Is The MMO & MMORPG Genre Dead?

Is The MMO & MMORPG Genre Dead?

Huge worlds, faction vs faction PvP combat, large, unparalleled exploration.. drama. There’s just something about the MMORPG genre that you can’t find anywhere else. A void that you just.. can’t fill.
Yet even with such unbelievably stunning, engrossing worlds to populate.. the playerbase for MMOs as a whole are in a perpetual state of decline.
Yes, games like World of Warcraft, Final Fantasy XIV, Elder Scrolls Online, Guild Wars 2, Black Desert Online, RuneScape.. and a few others are all capable of retaining an active playerbase but even they show a decay in activity.
The genre as a whole is decaying and there are a variety of reasons for it. I want to take a few minutes of your time to go over why I think the MMORPG genre is stagnating and I want to further talk about what I believe can be done to fix it.

Now..

The History Of The MMORPG

So we all know the history of the genre: Early on, games like Ultima Online, EverQuest and Asheron’s Call pioneered the MMORPG genre. The three of them together were collectively known as “the big three” of the late 1990s.
If it weren’t for them, we wouldn’t really have much of, if any, MMORPG genre at all.
Next came games like Dark Age of Camelot, Anarchy Online and Ultima Online 2. Initially, Anarchy Online, launched to an absolutely astonishingly large number of players – which crippled the game.
Months later, Dark Age of Camelot launched with various innovative features like “Realm vs. Realm” PvP and surpassed Ultima Online and Asheron’s Call in terms of popularity, becoming the main competitor for EverQuest.
In 2001, Jagex next brought their vision – RuneScape into fruition, followed by Ragnarok Online and MapleStory in 2002, both of which launched over in Asia to critical success and popularity.
Late in 2002, Square-Enix released Final Fantasy XI, the very first MMO to provide clients for various platforms using a single set of servers, along with holding the title for the very first “true MMO” to appear on a console.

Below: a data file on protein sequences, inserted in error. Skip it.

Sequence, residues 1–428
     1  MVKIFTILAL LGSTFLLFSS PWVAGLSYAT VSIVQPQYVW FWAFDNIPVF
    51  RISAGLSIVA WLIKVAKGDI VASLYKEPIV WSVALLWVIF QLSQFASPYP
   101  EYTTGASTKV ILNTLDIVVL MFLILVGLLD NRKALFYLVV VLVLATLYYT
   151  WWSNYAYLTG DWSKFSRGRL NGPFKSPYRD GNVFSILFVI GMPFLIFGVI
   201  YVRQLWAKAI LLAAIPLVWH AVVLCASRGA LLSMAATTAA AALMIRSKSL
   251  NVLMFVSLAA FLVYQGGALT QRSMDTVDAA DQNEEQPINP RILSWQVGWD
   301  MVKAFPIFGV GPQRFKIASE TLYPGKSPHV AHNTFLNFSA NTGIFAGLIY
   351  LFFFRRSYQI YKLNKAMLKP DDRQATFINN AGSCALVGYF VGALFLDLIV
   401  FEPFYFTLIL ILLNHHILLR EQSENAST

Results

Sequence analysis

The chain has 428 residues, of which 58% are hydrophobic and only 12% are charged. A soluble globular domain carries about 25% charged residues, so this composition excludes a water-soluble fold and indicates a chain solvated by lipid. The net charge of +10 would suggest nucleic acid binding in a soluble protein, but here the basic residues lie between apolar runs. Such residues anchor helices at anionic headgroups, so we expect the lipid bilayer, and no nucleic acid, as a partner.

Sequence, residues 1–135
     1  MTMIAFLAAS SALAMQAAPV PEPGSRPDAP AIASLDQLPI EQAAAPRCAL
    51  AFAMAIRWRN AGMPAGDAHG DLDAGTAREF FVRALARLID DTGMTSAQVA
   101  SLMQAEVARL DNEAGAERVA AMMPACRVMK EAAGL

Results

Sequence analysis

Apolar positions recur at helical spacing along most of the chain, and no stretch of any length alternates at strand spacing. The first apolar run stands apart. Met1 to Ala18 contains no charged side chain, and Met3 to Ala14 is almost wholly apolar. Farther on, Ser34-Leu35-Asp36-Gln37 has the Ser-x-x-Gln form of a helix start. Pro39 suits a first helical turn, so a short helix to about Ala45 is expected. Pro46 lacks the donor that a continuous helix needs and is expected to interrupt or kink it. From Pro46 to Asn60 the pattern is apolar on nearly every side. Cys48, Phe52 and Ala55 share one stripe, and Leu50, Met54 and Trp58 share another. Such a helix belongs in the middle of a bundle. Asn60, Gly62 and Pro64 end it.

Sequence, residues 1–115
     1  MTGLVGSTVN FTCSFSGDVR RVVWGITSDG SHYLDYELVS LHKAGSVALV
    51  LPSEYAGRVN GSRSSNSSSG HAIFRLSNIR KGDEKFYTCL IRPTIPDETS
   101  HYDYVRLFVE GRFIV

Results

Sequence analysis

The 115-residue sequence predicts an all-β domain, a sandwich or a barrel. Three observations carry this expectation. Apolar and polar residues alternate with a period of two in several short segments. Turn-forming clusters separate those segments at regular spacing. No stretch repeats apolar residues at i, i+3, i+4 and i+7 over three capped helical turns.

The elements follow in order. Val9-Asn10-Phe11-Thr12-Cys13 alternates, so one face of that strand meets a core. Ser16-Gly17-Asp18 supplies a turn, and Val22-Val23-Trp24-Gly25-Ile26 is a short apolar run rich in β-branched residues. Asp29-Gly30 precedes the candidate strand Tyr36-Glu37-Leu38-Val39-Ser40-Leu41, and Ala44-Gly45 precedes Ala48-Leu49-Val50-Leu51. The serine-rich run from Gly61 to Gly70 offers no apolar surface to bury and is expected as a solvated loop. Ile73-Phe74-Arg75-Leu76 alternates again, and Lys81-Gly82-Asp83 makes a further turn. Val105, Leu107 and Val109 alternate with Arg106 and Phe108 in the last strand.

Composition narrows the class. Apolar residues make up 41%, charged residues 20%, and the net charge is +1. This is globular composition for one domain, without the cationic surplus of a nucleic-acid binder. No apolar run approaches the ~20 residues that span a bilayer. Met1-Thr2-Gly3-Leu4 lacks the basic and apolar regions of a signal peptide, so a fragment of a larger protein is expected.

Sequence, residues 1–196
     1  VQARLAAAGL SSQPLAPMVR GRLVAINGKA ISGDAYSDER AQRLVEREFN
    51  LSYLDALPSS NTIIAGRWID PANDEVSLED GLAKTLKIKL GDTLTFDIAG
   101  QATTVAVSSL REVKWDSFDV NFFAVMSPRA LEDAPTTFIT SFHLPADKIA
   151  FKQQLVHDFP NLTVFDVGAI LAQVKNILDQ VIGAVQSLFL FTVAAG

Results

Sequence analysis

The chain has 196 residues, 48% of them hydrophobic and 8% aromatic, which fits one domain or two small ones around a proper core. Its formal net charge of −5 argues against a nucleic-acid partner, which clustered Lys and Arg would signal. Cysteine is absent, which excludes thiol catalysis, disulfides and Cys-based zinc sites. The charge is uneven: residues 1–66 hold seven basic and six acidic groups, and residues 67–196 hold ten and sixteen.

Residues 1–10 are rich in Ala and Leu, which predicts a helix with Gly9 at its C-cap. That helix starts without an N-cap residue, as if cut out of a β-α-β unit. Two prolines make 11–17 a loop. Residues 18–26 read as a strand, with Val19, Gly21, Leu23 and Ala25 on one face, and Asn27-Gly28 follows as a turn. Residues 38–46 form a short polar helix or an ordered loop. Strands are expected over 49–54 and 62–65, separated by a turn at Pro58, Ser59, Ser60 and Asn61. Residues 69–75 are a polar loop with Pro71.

In 2003 we saw the final wave of second generation MMORPGs: Toontown Online, Eve Online, EverQuest Online Adventures, Lineage II, Second Life, with City of Heroes being the last MMO release in early 2004.
Late in 2004, Sony Online Entertainment launched EverQuest II in a follow-up to the critical success of the first in the franchise.
Sony had expected to dominate the market like they had up until that point but little did they know that Blizzard Entertainment, with World of Warcraft, would be larger than ever predicted.
While EverQuest II was a commercial success, World of Warcraft immediately overtook every single MMO released up until this point, absolutely dwarfing every other pay to play MMORPG, and still dominates the market 14 years later.
In April of 2005, ArenaNet launched Guild Wars, introducing the world to a new financial model that is known to have been partly responsible for the game’s success.
At the same time, there had been a significant influx of new MMORPGs adopting the free to play model, with games like Silkroad Online, FlyFF, Perfect World, MapleStory, and Shadowbane all launching to relative success.
Since then, the market had continued to evolve, with new MMORPGs launching almost yearly to continual reduced successes, which led us to where we are today: A handful of MMORPGs left and hopeful something will revitalize the genre.

The Evolution Of The PC MMORPG Genre

Back in the late 90s and early 2000s, MMOs were a whole nother creature. They were more difficult, more social. They required teamwork and active participation in the community to achieve goals.
In the late 2010s, MMOs evolved into something much easier, often being soloable for the most part, albeit requiring a party for things like obligatory dungeons or raids.